In 1866, Przhevalsky filed a report on the transfer to Siberia. While waiting, he carefully prepared for his future journey. Finally, a positive response was received. At the end of January 1867, Przhevalsky drove to Petersburg and addressed the Council of the Geographical Society with a request to assist in organizing the expedition. However, he was refused. Petr Petrovich Semenov-Tyan-Shansky, who was the chairman of the Department of Physical Geography at the time, explained the reason for this: “Nikolai Przhevalsky was still a little known value in the scientific world. We did not dare to give him an allowance for the company, moreover, to organize an entire expedition under his leadership. Nevertheless, the traveler was promised that if he could do any research or discovery in Siberia with his own money, he could hope for the support of the Society and even the organization of an expedition to Central Asia under his leadership upon his return.
In May, 1867, Nikolai Mikhailovich Przhevalsky was sent on his first trip to Ussuri. He took as his assistant the topographer of the headquarters Yagunov, the sixteen-year-old son of the exiled settlement. He taught the young man to dry the plants, remove and dissect the skins of animals, perform all the numerous duties of travelers. On May 26 they left Irkutsk and set off for Amur through Transbaikalia. Przhevalsky set himself the task of exploring and describing the Ussuri region as fully as possible. At the same time, he also had specific instructions from the headquarters of the troops, according to which he had to gather information about the aborigines living along the Ussuri River and to study the routes leading to the borders of Korea and Manchuria.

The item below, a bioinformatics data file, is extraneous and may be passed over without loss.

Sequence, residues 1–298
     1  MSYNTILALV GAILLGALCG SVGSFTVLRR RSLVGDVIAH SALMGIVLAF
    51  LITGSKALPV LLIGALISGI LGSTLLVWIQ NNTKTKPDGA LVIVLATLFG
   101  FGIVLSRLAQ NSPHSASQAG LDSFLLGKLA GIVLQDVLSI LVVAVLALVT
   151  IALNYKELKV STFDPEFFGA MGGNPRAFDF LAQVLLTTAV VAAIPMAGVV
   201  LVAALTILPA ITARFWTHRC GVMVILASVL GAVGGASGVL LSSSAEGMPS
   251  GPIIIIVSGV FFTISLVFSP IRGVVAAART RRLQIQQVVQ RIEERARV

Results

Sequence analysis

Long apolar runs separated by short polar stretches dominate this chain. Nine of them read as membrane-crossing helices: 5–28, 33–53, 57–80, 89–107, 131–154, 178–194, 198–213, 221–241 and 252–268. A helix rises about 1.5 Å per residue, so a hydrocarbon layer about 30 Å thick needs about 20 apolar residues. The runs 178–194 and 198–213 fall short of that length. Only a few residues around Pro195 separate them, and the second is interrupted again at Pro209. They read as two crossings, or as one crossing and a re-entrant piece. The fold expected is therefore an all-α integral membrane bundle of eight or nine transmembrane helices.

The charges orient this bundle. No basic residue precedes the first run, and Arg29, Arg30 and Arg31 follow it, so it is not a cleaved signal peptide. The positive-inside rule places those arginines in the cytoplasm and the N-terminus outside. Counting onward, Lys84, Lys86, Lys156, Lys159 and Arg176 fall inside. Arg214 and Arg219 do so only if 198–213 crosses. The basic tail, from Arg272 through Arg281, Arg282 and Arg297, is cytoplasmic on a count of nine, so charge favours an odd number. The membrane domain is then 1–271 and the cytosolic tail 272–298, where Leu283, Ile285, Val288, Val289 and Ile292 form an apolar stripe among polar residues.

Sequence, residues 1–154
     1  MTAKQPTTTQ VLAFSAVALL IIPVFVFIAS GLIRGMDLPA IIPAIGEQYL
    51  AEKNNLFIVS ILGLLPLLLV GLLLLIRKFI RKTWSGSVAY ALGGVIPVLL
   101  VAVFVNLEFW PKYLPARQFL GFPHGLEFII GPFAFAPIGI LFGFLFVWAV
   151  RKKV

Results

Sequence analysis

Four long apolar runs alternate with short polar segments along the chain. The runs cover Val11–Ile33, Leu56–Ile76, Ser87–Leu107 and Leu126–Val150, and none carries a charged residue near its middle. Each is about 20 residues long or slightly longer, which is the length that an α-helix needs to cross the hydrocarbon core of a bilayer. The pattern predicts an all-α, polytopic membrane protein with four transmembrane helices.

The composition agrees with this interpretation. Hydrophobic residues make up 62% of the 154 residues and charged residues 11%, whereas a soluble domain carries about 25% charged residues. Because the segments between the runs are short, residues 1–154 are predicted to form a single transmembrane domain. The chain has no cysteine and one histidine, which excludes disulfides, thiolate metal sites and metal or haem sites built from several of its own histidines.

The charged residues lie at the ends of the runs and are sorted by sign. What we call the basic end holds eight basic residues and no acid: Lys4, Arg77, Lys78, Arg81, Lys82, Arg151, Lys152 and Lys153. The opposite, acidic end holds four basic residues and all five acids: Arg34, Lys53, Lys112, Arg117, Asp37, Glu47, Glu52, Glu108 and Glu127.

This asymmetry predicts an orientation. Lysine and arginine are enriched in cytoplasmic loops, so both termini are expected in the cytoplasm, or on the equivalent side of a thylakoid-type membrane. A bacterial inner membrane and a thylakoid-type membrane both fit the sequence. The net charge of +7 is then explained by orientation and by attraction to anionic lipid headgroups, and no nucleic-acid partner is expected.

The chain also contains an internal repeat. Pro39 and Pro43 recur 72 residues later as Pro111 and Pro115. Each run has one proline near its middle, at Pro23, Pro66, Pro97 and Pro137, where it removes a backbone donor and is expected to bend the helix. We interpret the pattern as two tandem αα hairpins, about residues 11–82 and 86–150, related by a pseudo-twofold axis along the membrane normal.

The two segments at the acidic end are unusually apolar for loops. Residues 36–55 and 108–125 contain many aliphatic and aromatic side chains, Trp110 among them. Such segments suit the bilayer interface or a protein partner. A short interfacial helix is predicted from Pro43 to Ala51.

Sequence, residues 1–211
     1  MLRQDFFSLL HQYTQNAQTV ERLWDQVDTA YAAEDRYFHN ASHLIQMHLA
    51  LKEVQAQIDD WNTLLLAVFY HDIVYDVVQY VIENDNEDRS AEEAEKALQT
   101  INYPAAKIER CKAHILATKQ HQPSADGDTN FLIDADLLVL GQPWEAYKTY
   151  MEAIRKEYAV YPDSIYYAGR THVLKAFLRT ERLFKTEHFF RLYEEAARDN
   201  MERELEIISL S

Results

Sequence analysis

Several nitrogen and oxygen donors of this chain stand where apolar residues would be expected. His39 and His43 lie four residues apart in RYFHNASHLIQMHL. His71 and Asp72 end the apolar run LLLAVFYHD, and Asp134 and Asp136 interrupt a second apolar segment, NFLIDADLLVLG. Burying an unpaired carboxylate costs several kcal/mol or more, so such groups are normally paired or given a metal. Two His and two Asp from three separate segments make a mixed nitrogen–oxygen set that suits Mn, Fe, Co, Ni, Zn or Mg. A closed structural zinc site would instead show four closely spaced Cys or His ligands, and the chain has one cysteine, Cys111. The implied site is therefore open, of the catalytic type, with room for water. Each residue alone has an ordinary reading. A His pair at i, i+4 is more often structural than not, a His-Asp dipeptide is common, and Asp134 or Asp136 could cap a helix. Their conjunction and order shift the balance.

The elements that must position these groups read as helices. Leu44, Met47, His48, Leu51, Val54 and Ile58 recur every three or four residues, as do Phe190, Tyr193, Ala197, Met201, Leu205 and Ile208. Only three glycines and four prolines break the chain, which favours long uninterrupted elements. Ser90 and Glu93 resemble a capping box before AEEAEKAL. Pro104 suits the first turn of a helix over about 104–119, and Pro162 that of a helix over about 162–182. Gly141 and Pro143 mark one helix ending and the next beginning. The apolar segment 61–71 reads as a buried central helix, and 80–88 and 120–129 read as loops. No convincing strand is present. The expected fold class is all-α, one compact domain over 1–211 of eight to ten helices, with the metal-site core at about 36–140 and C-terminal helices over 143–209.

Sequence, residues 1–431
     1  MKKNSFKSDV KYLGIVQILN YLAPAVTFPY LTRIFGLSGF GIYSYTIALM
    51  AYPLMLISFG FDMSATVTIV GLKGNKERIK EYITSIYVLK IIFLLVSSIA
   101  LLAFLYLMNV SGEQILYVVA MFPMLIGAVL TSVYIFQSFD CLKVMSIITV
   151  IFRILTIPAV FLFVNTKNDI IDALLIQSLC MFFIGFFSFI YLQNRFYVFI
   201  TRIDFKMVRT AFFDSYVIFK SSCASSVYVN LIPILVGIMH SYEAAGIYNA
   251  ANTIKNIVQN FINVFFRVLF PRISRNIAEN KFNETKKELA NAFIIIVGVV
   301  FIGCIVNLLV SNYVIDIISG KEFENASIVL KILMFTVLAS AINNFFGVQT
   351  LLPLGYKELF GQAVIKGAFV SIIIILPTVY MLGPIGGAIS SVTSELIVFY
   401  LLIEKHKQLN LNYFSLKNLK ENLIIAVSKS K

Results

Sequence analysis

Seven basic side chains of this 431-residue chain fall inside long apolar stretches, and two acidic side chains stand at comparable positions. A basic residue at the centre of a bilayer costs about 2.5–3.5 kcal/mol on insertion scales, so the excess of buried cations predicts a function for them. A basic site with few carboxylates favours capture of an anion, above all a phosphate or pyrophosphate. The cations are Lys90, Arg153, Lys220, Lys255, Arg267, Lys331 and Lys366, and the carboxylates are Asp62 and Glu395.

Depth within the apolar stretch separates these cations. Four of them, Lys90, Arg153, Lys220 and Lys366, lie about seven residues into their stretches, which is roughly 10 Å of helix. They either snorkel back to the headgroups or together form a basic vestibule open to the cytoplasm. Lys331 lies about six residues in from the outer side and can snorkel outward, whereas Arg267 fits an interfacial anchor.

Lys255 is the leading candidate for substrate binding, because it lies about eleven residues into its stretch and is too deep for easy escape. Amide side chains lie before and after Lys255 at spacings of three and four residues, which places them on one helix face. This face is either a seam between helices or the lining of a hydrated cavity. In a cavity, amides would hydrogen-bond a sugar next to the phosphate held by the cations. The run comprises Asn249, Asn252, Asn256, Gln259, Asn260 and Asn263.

The road to Blagoveshchensk took about two months. In Khabarovsk, Przhevalsky bought a boat and in every Cossack village that came across on the way he took rowers in his turn. Together with Yagunov, he himself moved along the river bank, collecting plants, shooting birds. He visited the camps of the aborigines of this region, watched as they fish with the fortress, hunt wild goats when they cross the river. All necessary notes traveler diligently described in the travel diary. The diligence of the "master" officer was astonishing to the Cossacks. The distance from Khabarovsk to the village of Busse Przhevalsky traveled on foot in twenty-three days. From Busse Nikolai Mikhailovich moved to the lake Khanka, whose expanses of water made a big impression on him. Throughout August, the researcher lived on the banks of the reservoir: he hunted, collected plants, and carried out meteorological observations three times a day. In mid-September, he traveled south to the shores of the Sea of Japan. On the shores of Posyet Bay, he met Koreans who had fled from their masters and found refuge in neighboring Russia. In order to get to know the life of this people, Przhevalsky together with a translator and three oarsmen arrived at the border village of Kygen-Pu. However, the head of the town refused to talk about his country and ordered the travelers to return to Russia. Seeing the senselessness of further conversations, the detachment returned to the Novgorod post in Posiet Bay.